Lake Country Faces: PR-B superintendent's father discouraged working in education
Jonathan Clark started pursuing a degree in criminal justice, but was drawn to education.
It seems many educators have children who grow up to become educators also, but Pine River-Backus Superintendent Jonathan Clark's father didn't necessarily want his children to follow in his footsteps.
Clark grew up in Sauk Rapids where his father was the middle school principal and his mother sold real estate. He had two sisters, one of whom also went into education.
"Oftentimes people would ask, 'Did your dad have anything to do with that?'" Clark said. "My dad really kind of pushed his kids away from the area of education. There were some tough times with education years ago and he just said, 'You guys do what you want, but education is a tough field.'"
Teachers who grew up without parents in education often have a teacher who inspired them, and that's the case with Clark.
"I had a teacher that had a big influence on me," Clark said. "I've had a chance to visit with this teacher since then. She happened to be my seventh and eighth grade English teacher. I'll say she wasn't my favorite teacher at the time. I didn't want to be in the class. I think it was through growing and maturing that I realized I learned so much from this individual. She pushed me. She made me the best student I could be."
Clark didn't realize immediately that education would be his field of choice. When he graduated from Sauk Rapids he initially went to Concordia College in Moorhead in the criminal justice field.
"I was looking at some law enforcement things," Clark said. "At about my junior year I think I went into the (teaching) program. It was a little later than most people did. I didn't go to college thinking I would be a teacher. Afterwards I was like, 'This is what I think I was meant to do.'"
After receiving his elementary teaching degree at Concordia, Clark got his master's in special education at St. Cloud State University. Later he earned a principal licensure from St. Mary's University.
"I took my first principal position in Kimball, Minnesota," Clark said. "Kimball is not too different from Pine River-Backus. They are similar in size and scope and I learned a lot there. You wear many hats and it's not just a superintendent hat or principal hat."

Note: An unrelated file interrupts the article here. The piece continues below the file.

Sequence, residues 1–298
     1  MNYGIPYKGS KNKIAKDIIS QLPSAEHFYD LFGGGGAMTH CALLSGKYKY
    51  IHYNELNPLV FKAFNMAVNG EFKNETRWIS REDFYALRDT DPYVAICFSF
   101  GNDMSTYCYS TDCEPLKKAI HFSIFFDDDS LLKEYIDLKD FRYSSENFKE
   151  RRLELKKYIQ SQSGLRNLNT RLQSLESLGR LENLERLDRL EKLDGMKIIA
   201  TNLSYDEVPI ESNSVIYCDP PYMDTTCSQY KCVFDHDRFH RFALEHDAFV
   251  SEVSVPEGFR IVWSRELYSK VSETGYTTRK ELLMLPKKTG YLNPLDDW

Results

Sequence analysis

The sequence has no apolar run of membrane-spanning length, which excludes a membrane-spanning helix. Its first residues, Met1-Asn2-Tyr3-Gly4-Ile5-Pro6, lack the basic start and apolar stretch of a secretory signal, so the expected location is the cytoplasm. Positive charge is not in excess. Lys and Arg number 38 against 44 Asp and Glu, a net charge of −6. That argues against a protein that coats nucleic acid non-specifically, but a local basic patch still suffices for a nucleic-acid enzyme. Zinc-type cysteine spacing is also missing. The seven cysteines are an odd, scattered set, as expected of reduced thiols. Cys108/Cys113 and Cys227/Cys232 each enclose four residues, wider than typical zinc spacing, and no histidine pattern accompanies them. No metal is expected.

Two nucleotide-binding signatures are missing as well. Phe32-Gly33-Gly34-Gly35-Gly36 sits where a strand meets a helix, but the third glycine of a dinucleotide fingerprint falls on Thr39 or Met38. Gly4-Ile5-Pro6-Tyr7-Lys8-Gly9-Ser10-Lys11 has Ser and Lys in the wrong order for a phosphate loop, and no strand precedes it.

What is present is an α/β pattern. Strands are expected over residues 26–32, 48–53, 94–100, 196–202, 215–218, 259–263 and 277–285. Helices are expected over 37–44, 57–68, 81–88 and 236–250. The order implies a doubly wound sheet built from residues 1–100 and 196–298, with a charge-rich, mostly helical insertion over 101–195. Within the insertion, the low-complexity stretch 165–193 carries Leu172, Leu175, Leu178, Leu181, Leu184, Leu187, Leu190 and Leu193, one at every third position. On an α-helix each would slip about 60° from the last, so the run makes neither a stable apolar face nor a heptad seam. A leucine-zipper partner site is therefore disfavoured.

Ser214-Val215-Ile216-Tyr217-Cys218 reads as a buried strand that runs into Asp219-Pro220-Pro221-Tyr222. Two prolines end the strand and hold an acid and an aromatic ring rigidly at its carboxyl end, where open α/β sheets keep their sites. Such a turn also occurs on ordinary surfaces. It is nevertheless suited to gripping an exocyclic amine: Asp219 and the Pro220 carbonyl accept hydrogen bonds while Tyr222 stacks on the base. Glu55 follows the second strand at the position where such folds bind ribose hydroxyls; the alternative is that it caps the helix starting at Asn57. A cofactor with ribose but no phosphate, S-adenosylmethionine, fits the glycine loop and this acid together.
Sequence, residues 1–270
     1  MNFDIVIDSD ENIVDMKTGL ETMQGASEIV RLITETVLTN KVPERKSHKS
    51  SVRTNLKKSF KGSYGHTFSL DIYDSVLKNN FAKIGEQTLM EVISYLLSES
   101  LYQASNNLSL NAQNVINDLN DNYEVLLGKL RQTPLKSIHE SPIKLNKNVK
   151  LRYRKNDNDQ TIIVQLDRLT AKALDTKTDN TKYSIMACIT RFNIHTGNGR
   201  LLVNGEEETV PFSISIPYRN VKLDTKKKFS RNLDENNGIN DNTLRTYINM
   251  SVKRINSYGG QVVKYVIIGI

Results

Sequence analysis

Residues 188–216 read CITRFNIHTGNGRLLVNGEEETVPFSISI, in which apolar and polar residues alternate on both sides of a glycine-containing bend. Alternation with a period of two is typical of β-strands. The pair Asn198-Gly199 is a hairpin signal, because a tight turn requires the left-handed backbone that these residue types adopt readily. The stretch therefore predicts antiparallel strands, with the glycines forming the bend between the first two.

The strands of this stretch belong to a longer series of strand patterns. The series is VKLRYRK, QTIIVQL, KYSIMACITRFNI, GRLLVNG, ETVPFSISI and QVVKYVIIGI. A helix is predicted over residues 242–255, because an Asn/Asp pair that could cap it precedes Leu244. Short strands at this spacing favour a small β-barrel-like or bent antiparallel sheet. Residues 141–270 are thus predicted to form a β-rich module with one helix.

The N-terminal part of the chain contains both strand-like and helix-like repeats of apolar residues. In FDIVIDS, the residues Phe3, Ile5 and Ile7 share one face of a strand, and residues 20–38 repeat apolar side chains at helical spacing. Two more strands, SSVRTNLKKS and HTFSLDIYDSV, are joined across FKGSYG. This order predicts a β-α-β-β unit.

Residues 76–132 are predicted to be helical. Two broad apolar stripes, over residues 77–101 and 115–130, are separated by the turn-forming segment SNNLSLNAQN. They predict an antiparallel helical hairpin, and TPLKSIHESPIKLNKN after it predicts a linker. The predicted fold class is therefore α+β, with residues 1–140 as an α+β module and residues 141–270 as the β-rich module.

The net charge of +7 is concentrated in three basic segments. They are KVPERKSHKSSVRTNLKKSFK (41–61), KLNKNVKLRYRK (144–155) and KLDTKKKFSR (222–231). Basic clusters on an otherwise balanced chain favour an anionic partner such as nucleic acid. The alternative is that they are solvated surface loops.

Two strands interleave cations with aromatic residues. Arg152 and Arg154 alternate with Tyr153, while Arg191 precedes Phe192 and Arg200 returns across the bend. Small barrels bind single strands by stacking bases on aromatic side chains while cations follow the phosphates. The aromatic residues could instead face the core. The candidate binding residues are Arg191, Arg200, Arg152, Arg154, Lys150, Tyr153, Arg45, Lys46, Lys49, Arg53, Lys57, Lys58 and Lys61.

Kimball was the stepping stone Clark needed to move on to bigger positions. After eight years at the district, he became the principal at Garfield Elementary School in Brainerd. Then, after five more years he moved to Riverside Elementary School in Brainerd as principal.
"I loved my time in Brainerd and I learned a lot," Clark said. "It was a very different system from Kimball. I got my superintendent's license while working in Brainerd. It was something that was in the back of my mind and I was never really sure being a superintendent was a path I wanted to go down, but the more you get involved in leadership the more you kind of want to help guide and shape things."
He applied to be a superintendent in Maple Lake earlier in the year.
"I didn't get the position," Clark said. "I was told I was a runner-up for the position. I felt so right at the time I was kind of bummed about it for a little while, but that disappointment only lasted a short time because Pine River-Backus opened up and I immediately looked at my wife and said it was meant to be this way."
Many of those who wind up working or living in the lakes area in adulthood were first introduced to the area through a family cabin or vacation property. For Clark, his parents had owned property on a small pond just north of Pequot Lakes since Clark was 4 years old. When his father retired, he moved to the vacation property.
Clark said he had always wanted to eventually settle down in the lakes area, and in Pine River-Backus his career as a superintendent suddenly aligned with his goal of living up north.
Clark was officially hired in May. Much like his predecessor, Dave Endicott, who inherited a solar school project and building improvement aspirations, Clark immediately had a full plate upon coming to the district.
"It has been an extremely busy summer," Clark said. "Not just for myself, but the Tiger leadership team here as well. COVID-19 put a whole new twist on things."
Since becoming superintendent, the district has hired a transportation director and activities director. They have turned classes inside out and brainstormed complex scenarios to plan for a fall opening. In addition, building improvements have been underway during the summer, including media center renovations and improvements to the high school gymnasium.
"Everything with our schedules and schools and the way we present things had to be redone," Clark said.
Though he hit the ground running, Clark said he feels that the district and its staff have worked hard to prepare for the upcoming school year and he is confident in the results.
Going forward Clark said he plans to work with the rest of the school leadership to assess the district's needs. Among them are possible building needs, but Clark is also preparing to work with staff to improve test scores.
"Some things are not where we want them to be," Clark said. "Those are going to be some of our biggest areas to address as we go into the future."
Clark has been married for 30 years, and his wife is a paraprofessional at Eagle View Elementary School in Breezy Point. Together they have two grown children. He says growing up they enjoyed the outdoors, hunting and fishing together. He and his wife are still getting used to being empty-nesters, but his sons still spend time with them doing outdoor activities.
Travis Grimler may be reached at 218-855-5853 or email@example.com. Follow him on Facebook and on Twitter at www.twitter.com/@PEJ_Travis.